IBM 705-1, 2 ACOM            Allison G.M.         C                X          Apr 57    S1            0
        AUTOCODER            IBM                  R    X      X          X    Dec 56             S    2
        ELI                  Equitable Life       C                X          May 57    S1            0
        FAIR                 Eastman Kodak                         X          Jan 57             S    0
        PRINT I              IBM                  R    X      X    X          Oct 56    82       S    2
        SYMB. ASSEM.         IBM                              X               Jan 56             S    1
        SOHIO                Std. Oil of Ohio          X      X    X          May 56    S1       S    1
        FORTRAN              IBM-Guide            A                      X    Nov 58    S2       S    2      X
        IT                   Std. Oil of Ohio     C                      X              S2       S    1      X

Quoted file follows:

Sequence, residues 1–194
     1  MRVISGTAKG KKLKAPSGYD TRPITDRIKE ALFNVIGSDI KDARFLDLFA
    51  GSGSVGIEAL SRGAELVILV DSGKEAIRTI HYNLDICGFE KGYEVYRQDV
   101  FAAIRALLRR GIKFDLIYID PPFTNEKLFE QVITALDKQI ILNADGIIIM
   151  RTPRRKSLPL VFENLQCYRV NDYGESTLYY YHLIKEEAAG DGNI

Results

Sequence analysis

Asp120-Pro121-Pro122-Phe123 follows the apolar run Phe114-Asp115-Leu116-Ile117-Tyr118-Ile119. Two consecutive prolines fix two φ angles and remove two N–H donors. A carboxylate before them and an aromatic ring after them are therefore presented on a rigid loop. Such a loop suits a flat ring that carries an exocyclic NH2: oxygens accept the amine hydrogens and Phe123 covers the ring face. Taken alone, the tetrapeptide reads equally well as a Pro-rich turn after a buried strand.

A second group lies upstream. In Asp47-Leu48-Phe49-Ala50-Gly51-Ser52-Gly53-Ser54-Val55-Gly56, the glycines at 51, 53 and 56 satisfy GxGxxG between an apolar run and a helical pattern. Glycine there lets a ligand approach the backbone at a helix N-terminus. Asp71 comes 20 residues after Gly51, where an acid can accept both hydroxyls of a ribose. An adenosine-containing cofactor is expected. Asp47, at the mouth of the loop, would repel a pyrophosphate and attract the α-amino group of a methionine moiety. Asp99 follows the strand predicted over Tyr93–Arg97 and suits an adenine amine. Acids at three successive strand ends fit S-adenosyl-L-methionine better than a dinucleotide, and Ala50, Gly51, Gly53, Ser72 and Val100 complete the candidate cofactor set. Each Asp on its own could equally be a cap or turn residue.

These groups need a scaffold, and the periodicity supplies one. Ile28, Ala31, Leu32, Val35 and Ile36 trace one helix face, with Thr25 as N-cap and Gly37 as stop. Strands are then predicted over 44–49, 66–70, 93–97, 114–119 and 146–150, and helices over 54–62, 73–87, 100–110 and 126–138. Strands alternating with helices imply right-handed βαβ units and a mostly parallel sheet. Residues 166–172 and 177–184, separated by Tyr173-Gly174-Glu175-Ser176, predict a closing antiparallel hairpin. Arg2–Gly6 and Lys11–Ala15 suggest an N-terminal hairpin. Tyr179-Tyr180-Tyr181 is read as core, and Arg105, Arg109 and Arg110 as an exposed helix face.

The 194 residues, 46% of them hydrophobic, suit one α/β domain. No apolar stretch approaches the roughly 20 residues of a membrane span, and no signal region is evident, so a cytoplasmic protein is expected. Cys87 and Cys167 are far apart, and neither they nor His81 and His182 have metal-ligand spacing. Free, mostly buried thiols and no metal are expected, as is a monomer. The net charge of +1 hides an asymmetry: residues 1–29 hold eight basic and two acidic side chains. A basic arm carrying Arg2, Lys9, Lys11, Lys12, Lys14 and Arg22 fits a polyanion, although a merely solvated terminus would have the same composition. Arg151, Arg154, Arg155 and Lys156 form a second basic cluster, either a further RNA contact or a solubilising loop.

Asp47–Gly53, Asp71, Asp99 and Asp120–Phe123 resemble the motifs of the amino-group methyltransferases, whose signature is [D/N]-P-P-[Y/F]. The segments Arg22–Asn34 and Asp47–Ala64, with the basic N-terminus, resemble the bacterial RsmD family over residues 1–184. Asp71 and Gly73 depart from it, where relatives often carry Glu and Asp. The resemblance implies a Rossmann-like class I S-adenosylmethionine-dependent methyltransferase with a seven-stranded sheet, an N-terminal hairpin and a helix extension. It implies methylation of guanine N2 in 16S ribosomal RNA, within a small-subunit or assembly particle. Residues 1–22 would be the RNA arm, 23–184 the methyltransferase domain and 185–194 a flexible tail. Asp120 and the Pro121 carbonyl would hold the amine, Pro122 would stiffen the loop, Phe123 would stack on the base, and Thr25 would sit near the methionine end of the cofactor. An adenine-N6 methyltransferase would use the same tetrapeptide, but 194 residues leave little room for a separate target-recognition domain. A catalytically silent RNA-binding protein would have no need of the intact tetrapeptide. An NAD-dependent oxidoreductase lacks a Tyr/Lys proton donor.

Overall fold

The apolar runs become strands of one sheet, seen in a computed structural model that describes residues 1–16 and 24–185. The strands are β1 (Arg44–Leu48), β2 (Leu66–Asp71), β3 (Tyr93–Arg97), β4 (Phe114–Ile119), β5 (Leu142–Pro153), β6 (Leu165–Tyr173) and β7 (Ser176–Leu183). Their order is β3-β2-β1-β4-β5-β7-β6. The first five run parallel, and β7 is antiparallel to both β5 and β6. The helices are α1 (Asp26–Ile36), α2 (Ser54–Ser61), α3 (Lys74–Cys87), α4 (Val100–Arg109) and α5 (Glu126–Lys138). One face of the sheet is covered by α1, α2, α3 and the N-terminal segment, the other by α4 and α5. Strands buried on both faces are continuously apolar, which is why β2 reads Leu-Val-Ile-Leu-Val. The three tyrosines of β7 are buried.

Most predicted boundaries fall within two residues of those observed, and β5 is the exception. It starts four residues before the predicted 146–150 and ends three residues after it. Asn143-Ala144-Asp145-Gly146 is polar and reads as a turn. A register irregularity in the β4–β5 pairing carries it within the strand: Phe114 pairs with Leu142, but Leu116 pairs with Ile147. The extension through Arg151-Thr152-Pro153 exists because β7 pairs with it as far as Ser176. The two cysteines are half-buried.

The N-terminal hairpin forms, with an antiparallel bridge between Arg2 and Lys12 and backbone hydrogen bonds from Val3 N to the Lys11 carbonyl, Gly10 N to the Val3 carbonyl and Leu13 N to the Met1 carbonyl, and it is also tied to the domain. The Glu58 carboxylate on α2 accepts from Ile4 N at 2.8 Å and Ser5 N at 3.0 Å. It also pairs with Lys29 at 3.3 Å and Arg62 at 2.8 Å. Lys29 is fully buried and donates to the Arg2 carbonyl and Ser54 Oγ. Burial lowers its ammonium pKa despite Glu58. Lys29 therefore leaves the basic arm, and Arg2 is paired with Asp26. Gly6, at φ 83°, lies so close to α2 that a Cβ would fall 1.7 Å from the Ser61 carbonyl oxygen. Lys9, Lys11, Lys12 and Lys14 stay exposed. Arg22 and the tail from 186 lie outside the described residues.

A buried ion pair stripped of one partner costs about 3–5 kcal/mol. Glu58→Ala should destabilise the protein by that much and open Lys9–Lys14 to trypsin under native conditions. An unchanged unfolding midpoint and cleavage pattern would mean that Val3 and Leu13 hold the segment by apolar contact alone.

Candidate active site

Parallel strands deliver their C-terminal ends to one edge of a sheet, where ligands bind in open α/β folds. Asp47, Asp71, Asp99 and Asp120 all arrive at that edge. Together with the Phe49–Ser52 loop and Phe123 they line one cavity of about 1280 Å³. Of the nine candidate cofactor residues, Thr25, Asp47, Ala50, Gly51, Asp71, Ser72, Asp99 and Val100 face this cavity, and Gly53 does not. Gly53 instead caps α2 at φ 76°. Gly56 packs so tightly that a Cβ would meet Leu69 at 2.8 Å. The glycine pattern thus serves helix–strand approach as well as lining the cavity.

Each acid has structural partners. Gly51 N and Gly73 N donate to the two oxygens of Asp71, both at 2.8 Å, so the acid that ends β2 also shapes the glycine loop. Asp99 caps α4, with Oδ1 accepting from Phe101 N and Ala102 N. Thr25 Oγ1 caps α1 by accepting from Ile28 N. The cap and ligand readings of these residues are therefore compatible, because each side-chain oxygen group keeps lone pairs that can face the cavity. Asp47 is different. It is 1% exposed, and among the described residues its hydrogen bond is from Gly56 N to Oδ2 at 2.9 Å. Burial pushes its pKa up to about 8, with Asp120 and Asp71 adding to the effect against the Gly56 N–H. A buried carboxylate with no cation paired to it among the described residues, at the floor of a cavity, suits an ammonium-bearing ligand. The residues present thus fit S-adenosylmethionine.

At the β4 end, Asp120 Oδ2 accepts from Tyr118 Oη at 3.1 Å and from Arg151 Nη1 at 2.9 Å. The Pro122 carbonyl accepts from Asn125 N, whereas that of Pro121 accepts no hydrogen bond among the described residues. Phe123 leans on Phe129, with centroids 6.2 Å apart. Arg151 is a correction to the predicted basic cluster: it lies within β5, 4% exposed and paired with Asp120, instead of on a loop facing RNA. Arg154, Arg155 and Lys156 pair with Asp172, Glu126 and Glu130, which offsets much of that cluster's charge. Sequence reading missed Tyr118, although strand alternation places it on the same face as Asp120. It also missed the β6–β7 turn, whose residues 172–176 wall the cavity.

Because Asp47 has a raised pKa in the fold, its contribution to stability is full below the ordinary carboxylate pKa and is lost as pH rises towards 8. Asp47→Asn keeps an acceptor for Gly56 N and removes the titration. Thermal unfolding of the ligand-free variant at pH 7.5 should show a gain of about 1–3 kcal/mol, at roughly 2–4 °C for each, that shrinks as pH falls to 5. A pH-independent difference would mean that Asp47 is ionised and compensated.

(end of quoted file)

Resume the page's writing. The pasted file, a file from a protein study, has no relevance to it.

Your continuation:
AFAC                 Allison G.M.         C                      X              S2       S    2      X
IBM 705-3 FORTRAN            IBM-Guide            A                      X    Dec 58    M2       M    2      X
        AUTOCODER            IBM                  A           X          X    Sep 58             S    2
IBM 702 AUTOCODER            IBM                       X      X          X    Apr 55             S    1
        ASSEMBLY             IBM                              X               Jun 54                  1
        SCRIPT G. E.         Hanford              R    X      X    X     X    Jul 55    Sl       S    1 
IBM 709 FORTRAN              IBM                  A                      X    Jan 59    M2       M    2      X